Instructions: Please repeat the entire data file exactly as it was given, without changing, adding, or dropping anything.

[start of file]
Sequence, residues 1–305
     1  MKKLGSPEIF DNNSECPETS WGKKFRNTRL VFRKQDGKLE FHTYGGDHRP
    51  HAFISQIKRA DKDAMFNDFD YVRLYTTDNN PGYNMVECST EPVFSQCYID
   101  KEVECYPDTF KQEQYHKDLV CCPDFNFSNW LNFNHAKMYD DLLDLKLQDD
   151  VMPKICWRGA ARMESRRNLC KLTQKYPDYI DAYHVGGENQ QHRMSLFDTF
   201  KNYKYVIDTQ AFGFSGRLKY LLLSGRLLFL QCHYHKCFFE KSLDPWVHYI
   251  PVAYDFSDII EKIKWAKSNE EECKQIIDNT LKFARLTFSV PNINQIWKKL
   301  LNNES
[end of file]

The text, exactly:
Sequence, residues 1–305
     1  MKKLGSPEIF DNNSECPETS WGKKFRNTRL VFRKQDGKLE FHTYGGDHRP
    51  HAFISQIKRA DKDAMFNDFD YVRLYTTDNN PGYNMVECST EPVFSQCYID
   101  KEVECYPDTF KQEQYHKDLV CCPDFNFSNW LNFNHAKMYD DLLDLKLQDD
   151  VMPKICWRGA ARMESRRNLC KLTQKYPDYI DAYHVGGENQ QHRMSLFDTF
   201  KNYKYVIDTQ AFGFSGRLKY LLLSGRLLFL QCHYHKCFFE KSLDPWVHYI
   251  PVAYDFSDII EKIKWAKSNE EECKQIIDNT LKFARLTFSV PNINQIWKKL
   301  LNNES